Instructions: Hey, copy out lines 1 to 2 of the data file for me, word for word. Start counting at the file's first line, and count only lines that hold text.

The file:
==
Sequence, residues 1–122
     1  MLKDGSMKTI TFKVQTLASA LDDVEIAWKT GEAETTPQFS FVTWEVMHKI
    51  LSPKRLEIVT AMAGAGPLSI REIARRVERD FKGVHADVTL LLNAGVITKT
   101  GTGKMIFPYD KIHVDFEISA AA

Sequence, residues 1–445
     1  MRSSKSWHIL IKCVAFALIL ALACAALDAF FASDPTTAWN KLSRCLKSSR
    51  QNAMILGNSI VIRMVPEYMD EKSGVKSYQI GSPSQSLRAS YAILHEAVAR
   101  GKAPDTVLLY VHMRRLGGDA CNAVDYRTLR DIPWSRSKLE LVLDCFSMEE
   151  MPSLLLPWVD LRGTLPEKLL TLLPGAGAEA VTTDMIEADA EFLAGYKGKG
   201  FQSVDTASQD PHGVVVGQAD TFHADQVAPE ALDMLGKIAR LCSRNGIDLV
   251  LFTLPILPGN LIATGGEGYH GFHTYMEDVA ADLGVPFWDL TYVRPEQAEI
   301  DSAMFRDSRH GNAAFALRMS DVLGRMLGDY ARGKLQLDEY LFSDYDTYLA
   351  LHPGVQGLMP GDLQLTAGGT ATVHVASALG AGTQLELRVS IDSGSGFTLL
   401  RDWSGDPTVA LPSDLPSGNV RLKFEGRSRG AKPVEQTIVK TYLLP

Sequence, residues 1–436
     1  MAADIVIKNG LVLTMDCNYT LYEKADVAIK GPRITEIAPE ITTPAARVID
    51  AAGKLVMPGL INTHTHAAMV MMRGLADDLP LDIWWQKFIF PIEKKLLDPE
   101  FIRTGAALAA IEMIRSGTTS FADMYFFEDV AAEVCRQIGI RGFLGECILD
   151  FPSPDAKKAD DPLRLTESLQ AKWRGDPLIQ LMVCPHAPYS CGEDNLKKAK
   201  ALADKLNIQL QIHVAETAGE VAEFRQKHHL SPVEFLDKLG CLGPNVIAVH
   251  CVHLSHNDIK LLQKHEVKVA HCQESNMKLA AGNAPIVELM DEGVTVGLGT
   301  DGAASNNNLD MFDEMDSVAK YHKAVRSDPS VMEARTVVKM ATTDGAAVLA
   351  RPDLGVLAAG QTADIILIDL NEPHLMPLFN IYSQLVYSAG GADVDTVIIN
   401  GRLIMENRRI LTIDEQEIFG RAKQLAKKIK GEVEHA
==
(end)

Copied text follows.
Sequence, residues 1–122
     1  MLKDGSMKTI TFKVQTLASA LDDVEIAWKT GEAETTPQFS FVTWEVMHKI